View In A Room
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VIEW IN MY ROOM
VIEW IN MY ROOM
The foremost aspect of my artworks is the 1) scale and construction 2) actual space and 3) light, in their elemental magnificence and the element of 4) illusion to magnify the magnificence. 1) Scale, space and sizes that loom large in my artworks come in here too as three-dimensional entities. 2) Actual space acquires a photo-real importance. 3) Shadows are the only elements that accentuate light. These are there too in almost every artwork I have created! 4) And finally the illusion of my ‘self’ tiny and doing various things inside the image space.
New Media Print:Acrylic on Canvas
Artist Produced Limited Edition of:1
Size:40 W x 30 H x 1 D in
Packaging:Ships Rolled in a Tube
Delivery Time:Typically 5-7 business days for domestic shipments, 10-14 business days for international shipments.
Handling:Ships rolled in a tube. Artists are responsible for packaging and adhering to Saatchi Art’s packaging guidelines.
Ships From:Artist's studio in India.
Customs:Shipments from India may experience delays due to country's regulations for exporting valuable artworks.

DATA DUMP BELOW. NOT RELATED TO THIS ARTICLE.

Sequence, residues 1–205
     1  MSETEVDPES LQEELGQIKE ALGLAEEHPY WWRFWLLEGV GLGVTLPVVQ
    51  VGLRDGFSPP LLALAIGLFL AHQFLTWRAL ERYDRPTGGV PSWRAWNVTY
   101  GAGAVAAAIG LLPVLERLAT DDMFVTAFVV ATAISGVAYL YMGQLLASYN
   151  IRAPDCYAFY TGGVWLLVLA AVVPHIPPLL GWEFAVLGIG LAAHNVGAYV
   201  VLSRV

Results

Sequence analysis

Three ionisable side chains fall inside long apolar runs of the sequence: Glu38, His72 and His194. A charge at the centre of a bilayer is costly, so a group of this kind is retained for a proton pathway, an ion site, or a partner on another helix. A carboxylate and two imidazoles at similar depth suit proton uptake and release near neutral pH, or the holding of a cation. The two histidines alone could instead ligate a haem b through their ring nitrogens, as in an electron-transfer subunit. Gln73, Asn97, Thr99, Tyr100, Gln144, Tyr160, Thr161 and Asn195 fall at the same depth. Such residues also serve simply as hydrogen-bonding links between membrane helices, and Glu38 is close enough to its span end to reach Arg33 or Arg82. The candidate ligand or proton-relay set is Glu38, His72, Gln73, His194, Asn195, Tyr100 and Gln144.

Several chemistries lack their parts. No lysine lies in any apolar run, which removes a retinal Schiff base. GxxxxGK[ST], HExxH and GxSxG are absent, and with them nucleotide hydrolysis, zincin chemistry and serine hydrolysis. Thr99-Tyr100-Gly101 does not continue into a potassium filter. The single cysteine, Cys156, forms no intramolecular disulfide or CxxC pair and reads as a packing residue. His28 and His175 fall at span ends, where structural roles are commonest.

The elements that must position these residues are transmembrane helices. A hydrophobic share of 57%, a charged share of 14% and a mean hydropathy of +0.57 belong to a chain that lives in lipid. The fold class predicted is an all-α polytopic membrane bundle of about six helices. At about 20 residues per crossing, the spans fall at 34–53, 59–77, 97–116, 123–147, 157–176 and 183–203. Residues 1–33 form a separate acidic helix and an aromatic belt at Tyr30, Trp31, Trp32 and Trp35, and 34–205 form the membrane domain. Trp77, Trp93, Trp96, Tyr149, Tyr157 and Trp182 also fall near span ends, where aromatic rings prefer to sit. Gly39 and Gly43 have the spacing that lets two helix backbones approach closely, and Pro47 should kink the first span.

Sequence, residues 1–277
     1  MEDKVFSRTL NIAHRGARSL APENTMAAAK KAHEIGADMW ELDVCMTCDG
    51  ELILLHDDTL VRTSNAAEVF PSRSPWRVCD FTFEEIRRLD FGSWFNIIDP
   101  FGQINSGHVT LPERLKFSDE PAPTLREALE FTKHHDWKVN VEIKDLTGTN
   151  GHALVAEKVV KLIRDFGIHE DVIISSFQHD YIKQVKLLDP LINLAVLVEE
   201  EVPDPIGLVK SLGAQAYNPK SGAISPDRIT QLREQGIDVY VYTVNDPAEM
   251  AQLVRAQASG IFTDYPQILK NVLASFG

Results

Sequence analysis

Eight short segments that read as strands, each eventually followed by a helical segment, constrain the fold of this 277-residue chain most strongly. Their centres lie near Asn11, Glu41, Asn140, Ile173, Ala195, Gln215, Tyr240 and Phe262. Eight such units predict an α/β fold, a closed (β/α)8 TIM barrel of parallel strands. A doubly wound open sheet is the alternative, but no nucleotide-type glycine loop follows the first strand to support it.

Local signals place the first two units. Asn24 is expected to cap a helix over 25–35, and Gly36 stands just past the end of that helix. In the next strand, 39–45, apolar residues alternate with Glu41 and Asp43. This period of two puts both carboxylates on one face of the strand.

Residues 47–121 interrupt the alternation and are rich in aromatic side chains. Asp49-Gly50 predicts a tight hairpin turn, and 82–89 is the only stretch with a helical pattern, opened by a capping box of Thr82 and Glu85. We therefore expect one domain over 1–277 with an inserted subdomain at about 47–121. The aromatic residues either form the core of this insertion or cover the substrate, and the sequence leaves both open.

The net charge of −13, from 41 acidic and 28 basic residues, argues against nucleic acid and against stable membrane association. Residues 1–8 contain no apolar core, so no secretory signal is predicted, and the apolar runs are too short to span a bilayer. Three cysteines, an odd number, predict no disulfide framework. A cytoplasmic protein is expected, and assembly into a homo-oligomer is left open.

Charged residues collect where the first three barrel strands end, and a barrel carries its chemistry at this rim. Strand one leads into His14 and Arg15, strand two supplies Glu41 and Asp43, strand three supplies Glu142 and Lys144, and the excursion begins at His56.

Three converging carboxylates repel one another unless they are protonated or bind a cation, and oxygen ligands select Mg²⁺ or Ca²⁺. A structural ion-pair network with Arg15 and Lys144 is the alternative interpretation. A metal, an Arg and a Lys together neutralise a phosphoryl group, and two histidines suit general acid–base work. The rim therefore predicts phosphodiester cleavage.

APPEARANCE CONTRA REALITY How describe what Shovin has done in his recent paintings? One way of putting it would be to say that he has razed the strict order of concrete blocks of high rises and such, to an absorbing mystery –perhaps a sci-fi one. His vast structures appear tumbling, as though in a quake, and yet they hold on. He would not let them topple. Much suburban built up spaces can be infinitely dull for those who have to spend their lives over there. With nature gone, animals and birds are forlorn. They almost go neurotic. Thus what the artist does to this modern day ambience—a completely man-made one –is naughty. He drives a point home, so as to humanize us by making the metros’ lordliness seem vulnerable to incalculable forces. The solidity of a reality is now shown prone to being merrily played with by factors beyond computation. In this way he produces suspense, the feel of absurdity, and even a bit of surreal terror. What he tells us, or what he compels us to confront, is a situation with two impossible alternative expressions: this world cannot be a safe one, for how can God’s world look so crazy? And secondly, that the way in which we are accustomed to seeing the real world is either not true or not exclusively true. So that Shovin’s intent is to poke fun at an illusion. “Oh see, this world, even when supported by the immense authority of building sciences, by mathematics, by geometry, and indeed by the forms of our own minds, is a fooling. Ha ha-ha! At any rate Shovin’s compositions are bounded at one extreme by the regular polyhedrons, the strenuous streometric forms, by spheres, by an infinite number of planes, by thermomorphic patterns, or also birds, canines, felines, fish, spectral human shapes etc. etc. These patterns can transform themselves into squares, or they dissolve into waves, losing their identities. There are successive transformations. A universe in flux, standing in a state of uncertainty. It is, as it were, every detail can metamorphose into oddity. So such are the artist’s animate as also inanimate personae. He gives us hints of the situation, deadpan. A wonky world, but it holds valuable lessons as much as it is a visual delight “Do not be lazy, get to know that all things can change their forms”. So he seems to imply. This same trace of mockery is meant really to evoke certain humility in our life responses. He is toying with the old problem of true and false.